Frequency of Seeing People Walk and Aerobic Physical Activity Among Latino Adults

in Journal of Physical Activity and Health
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Background: Little research has examined gender differences in the association of seeing others exercise, in the neighborhood context, with physical activity, particularly for diverse racial/ethnic groups. The authors examined the association between frequency of seeing people walk and aerobic activity by gender among Latinos. Methods: The authors used cross-sectional 2015 National Health Interview Survey data on Latino participants ≥18 years (n = 5147). Multinomial logistic regression models estimated the association between seeing people walk and level of aerobic physical activity. Results: Men reporting seeing people walk every 2 to 3 days and every day were more likely to meet the aerobic activity recommendation (odds ratio [OR] 2.02; 95% confidence interval [CI], 1.05–3.89 and OR 1.96; 95% CI, 1.23–3.14, respectively). Among women, those seeing people walk every day and every 2 to 3 days were likely to engage in some aerobic activity (OR 1.88; 95% CI, 1.26–2.80 and OR 2.16; 95% CI, 1.23–3.18, respectively) and meet the recommendation (OR 1.73; 95% CI, 1.24–2.42 and OR 1.66; 95% CI, 1.03–2.67, respectively). Women seeing people walk about once a week were also likely to engage in some activity (OR 3.06; 95% CI, 1.59–5.89). Conclusions: Among Latino men and women, seeing people walk is associated with meeting the aerobic activity guideline. Results suggest that adoption of physical activity may in part be driven by neighborhood-level behavioral norms and by inference characteristics of the neighborhood that support walking.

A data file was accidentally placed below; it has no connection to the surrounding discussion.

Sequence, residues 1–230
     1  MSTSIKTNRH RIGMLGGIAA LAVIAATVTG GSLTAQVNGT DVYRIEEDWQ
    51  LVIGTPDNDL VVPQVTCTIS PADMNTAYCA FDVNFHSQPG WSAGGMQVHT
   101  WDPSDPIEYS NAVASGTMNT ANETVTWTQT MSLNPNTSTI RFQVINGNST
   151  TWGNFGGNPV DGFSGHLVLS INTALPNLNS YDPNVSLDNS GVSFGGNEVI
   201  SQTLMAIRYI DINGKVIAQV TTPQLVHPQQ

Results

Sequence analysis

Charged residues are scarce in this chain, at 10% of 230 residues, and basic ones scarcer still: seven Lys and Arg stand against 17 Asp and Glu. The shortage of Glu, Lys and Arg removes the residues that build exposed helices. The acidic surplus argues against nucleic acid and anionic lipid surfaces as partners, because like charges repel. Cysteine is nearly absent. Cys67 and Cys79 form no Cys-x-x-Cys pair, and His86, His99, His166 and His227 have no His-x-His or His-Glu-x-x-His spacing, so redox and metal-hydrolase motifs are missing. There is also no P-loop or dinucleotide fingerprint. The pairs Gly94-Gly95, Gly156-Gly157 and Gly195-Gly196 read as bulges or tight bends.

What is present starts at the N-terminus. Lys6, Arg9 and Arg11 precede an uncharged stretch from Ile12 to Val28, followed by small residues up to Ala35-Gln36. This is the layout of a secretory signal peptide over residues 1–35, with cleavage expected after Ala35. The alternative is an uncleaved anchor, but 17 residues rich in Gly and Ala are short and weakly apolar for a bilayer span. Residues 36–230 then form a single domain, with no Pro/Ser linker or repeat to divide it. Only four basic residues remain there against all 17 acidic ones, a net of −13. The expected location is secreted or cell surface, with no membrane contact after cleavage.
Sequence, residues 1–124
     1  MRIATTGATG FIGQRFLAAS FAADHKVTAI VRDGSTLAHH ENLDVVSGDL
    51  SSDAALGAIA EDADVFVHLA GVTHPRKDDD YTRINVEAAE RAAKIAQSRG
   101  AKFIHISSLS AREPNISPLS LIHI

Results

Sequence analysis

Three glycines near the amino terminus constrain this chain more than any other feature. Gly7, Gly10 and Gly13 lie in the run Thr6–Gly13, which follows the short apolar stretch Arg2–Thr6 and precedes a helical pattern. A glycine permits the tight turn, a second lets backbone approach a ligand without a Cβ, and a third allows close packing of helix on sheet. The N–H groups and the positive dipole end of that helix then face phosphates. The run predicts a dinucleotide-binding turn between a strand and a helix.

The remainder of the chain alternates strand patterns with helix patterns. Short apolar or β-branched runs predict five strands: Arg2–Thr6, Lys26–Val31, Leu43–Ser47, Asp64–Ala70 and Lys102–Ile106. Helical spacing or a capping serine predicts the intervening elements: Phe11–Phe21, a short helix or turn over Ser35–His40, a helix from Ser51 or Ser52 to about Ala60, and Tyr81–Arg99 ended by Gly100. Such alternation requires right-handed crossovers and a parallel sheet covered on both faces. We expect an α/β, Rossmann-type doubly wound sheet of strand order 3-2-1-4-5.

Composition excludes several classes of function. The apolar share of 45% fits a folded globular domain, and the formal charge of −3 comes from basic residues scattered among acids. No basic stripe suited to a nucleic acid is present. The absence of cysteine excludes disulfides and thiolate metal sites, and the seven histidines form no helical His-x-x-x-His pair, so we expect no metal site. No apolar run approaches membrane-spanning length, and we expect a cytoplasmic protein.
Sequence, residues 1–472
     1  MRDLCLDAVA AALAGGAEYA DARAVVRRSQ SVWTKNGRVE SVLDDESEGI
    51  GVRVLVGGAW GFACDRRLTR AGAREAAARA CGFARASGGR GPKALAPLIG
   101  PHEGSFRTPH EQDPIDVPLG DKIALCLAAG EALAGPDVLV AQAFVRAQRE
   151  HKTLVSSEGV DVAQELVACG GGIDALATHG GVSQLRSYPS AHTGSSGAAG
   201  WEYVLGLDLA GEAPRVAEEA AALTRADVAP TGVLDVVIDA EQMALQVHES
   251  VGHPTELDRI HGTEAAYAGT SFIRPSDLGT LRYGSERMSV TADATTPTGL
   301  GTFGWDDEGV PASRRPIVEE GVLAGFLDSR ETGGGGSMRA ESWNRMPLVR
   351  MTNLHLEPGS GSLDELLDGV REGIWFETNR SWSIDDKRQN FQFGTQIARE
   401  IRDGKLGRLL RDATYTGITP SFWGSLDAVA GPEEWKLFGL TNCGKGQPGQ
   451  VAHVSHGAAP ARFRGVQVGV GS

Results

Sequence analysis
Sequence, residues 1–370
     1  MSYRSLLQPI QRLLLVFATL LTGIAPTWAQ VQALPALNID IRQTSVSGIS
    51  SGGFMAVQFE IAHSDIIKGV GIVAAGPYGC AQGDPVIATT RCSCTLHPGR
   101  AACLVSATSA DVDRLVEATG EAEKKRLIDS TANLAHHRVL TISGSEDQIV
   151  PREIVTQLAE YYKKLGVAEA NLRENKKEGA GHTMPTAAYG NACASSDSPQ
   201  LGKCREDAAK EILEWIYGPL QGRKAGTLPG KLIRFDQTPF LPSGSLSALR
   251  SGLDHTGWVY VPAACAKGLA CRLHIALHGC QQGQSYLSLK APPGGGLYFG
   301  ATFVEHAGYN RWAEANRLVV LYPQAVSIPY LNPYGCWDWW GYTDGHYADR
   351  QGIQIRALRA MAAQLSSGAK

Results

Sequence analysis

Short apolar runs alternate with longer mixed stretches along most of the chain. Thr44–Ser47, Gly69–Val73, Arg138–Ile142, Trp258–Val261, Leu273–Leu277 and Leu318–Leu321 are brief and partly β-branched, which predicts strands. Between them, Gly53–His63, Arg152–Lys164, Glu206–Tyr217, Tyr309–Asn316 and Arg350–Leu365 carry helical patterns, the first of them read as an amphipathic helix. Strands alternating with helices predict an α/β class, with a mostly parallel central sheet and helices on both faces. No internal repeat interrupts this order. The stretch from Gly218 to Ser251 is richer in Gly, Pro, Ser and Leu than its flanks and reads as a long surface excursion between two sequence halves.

Murillo is with the Department of Psychological, Health, and Learning Sciences, University of Houston, Houston, TX; and the Health Research Institute, University of Houston, Houston, TX. Agrawal is with the School of Medicine, University of Texas Medical Branch, Galveston, TX. Berenji-Jalaei is with the School of Public Health, University of Texas Health Science Center at Houston, Houston, TX. Vasquez is with the Department of Epidemiology and Biostatistics, University of Albany, State University of New York, Rensselaer, NY. Echeverria is with the Department of Public Health Education, University of North Carolina at Greensboro, Greensboro, NC.

Murillo (rmurillo3@uh.edu) is corresponding author.
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